Friday, February 03, 2006

I'm Okay, You are DEFINITELY Not!

Alright, so the subject of this entry harkens back to a title that only a few of us (at least those of us on the Internet who can read) remember. One of those indispensable self-help books, "I'm Okay, You're Okay." You'd think, with the bookstore shelves stocked full of such wisdom that, by now, we'd all be okay. Well, as I've stated, I am. I'm so okay, in fact, that if anything's wrong with the world it's clearly not my fault. If only the rest of you could catch up to me, be like me, think like me, act like me -- well, I'm sure we'd all be living in Paradise.

Unfortunately, I don't believe a word of what I said above. I probably should've forked out the five bucks for that book. The sad truth is, however, that though most wouldn't say it out loud, most of us do seem to act as if the world would be a much better place if only those so and sos would/could behave better (read: "more like us.") And I find it fascinating that with all the so and sos out there (we know there are millions) no one I ever talk to stakes claim to being one of them. I haven't spoken with millions of people but I find the odds amazing -- with so much crime, deceit, dishonesty and disloyalty in the world -- it's apparently coming from anyone and everyone unless I happen to know them or am engaged in conversation with them.

I found myself in a heated discussion some time back about the subject of lying. Whoever sat opposite me was making an argument that lying, per se, wasn't a bad thing. My response was, "sure, the lies we tell are just fine, it's the lies that are told to us that suck."

I suppose I spend too much time thinking about this stuff. With so much porn and genital enhancement available on the Internet, you'd think I'd have better things to do. But, no. I find it stunning that in our own rationalized lives we get to behave badly but have absolutely no problem bemoaning the very same behavior when it's done by others. Could someone explain to me how that works?

We lie to friends, lovers, husbands and wives. We ask our friends to "lemme have a copy of that software, I don't wanna buy it." We download music that we don't pay for. We take a few office supplies home from the office, make a long distance call or two on someone else's dime.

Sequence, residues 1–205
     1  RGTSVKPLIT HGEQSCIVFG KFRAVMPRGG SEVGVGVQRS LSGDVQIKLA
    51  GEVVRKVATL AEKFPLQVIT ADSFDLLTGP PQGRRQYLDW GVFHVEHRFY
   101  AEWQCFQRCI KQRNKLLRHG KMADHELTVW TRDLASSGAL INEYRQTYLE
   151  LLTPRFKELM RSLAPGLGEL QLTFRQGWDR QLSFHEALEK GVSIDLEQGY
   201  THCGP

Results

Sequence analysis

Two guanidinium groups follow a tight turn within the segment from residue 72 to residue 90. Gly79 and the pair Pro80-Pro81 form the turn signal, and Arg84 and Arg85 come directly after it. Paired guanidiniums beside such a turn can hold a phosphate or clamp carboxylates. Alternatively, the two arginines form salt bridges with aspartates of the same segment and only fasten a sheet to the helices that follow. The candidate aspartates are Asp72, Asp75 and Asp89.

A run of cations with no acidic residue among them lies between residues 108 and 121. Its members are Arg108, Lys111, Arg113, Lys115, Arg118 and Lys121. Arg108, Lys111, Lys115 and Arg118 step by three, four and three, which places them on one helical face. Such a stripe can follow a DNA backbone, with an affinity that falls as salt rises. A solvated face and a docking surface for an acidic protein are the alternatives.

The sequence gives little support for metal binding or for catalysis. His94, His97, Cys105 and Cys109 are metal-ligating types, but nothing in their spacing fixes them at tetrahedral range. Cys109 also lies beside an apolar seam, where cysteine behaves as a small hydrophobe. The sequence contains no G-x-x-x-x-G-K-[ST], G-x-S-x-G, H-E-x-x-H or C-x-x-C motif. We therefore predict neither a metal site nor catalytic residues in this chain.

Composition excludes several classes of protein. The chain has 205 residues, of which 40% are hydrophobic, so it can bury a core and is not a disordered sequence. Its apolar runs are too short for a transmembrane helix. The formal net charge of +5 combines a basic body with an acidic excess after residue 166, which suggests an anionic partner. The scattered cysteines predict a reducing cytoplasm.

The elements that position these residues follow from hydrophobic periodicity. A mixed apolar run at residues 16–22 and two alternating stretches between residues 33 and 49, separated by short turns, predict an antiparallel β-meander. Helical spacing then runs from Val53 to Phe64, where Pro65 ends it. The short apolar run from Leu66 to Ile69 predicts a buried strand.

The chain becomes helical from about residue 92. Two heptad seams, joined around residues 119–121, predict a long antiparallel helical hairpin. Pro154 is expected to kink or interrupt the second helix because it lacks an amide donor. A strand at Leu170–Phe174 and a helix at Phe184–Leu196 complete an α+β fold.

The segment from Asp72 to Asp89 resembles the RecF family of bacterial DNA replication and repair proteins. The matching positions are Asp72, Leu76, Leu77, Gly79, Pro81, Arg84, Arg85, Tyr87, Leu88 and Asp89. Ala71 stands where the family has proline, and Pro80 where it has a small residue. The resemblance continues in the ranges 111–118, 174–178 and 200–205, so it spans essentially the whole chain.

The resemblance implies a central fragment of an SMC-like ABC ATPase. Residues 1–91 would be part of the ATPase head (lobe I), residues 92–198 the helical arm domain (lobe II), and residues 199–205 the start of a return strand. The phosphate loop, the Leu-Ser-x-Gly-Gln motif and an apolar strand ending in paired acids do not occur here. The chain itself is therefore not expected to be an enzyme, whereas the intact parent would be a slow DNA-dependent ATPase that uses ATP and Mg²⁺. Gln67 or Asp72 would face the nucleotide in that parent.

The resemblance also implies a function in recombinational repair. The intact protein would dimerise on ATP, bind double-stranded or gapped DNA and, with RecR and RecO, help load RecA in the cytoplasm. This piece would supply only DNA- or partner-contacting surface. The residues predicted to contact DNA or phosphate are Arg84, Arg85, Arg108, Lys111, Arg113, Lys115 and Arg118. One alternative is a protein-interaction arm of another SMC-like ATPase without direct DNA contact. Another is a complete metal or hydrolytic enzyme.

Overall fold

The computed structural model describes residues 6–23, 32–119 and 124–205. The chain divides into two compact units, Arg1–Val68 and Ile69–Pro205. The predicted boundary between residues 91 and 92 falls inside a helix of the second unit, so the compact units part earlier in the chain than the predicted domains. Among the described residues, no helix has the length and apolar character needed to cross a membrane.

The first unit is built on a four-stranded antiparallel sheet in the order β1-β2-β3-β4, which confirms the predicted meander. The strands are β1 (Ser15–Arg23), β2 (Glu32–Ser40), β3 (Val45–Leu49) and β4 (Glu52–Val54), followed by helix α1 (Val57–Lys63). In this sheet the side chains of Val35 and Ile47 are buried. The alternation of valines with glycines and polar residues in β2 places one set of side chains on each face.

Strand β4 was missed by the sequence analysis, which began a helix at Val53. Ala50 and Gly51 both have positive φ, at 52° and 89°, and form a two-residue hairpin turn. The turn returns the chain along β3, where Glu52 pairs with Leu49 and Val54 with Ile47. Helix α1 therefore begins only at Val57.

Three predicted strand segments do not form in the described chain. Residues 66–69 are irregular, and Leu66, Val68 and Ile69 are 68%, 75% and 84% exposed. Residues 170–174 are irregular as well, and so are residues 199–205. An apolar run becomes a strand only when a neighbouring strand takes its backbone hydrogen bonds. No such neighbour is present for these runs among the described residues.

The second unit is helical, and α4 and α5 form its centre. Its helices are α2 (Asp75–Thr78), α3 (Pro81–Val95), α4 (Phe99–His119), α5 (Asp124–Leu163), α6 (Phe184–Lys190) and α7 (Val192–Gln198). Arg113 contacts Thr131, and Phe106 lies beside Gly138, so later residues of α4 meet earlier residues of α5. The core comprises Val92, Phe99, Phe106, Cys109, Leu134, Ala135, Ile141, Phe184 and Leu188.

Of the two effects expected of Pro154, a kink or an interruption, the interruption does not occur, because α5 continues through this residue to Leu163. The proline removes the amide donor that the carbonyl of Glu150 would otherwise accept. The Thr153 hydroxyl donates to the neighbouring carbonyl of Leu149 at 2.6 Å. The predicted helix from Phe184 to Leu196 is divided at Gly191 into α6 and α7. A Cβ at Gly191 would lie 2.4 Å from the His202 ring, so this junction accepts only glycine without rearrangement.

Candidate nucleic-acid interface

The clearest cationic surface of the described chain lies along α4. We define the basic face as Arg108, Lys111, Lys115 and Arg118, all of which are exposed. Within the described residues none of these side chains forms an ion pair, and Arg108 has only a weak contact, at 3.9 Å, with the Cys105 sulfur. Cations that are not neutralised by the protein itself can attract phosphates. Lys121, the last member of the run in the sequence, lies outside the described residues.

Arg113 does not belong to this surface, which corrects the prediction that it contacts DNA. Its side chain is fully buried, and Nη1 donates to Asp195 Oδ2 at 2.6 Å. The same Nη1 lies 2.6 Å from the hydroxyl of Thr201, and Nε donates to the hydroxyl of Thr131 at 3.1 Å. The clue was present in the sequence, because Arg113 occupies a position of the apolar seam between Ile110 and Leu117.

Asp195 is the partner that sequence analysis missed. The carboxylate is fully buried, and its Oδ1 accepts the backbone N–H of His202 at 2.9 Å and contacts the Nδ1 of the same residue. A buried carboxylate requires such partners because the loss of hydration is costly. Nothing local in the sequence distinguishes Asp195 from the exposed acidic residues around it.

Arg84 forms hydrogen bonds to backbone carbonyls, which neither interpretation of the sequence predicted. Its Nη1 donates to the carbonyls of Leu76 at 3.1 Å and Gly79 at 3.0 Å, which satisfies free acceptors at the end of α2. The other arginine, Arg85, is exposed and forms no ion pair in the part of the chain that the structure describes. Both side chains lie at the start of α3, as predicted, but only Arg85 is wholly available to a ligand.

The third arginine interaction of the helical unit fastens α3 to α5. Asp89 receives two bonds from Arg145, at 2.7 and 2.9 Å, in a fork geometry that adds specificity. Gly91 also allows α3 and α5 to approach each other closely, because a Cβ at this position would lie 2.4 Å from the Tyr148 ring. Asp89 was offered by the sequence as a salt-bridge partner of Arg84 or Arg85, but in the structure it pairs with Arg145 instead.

But dammit -- we catch Clinton, Bush (or any other of our marvelous leaders) in a lie and it's national news. Outrage is expressed by the opposing team, defended by the loyal. We shake our heads at the greed and corporate corruption of the Enrons, Worldcoms and the evil Martha Stewarts of the world. We're outraged at how rude some people can be, making promises and breaking them; swearing to return phone calls and never doing so. The list goes on. Those damn so and sos.

Personally, I find it very difficult to walk away with extra change in my pocket, given to me by a failed math student working as a cashier, only to come home and burst into a rage when I find my house or car broken into and pilfered. I can't quite work up a storm of indignation about being lied to if and when I have to consider the lies I've told. And, trust me, I love to work up to self-righteous indignation. But do I (or does anyone else) really have a leg to stand on? Is it really a matter of degree? Or does it come back to "yeah, my b.s. is okay, yours isn't."

When I get into heated discussions with friends (well, they're friends until the end of that evening) they tend to get very frustrated with me. They're upset that I won't put on a team cap, a rationalized "us and them" mentality where I find bad behavior acceptable if it's done for "our side." And I'm not talking about self-defense or survival, just every day behavior.

I'm sorry, I just can't believe the world could or should or will be anything that I can't be. If I cannot hold myself to task why should I expect that anyone else can? It's not reasonable. In fact, given that I'm not a complete mental incompetent (some who know me would argue) if I make no concerted effort to act and behave the way I need and expect others to -- would it not be completely foolhearty to think that others will or should? How, in any way, is it reasonable to expect more than I can deliver?

It isn't all bleak, however. Fortunately, I can rationalize along with the best of them when it comes to myself. And I feel much better now. So everytime I behave badly, do something petty, disloyal, thoughtless or mean, I can put my mind to rest, get myself off the hook. Tell myself that, "it's cool." I'm a good guy. When I slip up, behave like a so and so, I've got a good reason, I can explain. But you -- you -- You're the damn problem! Shape up.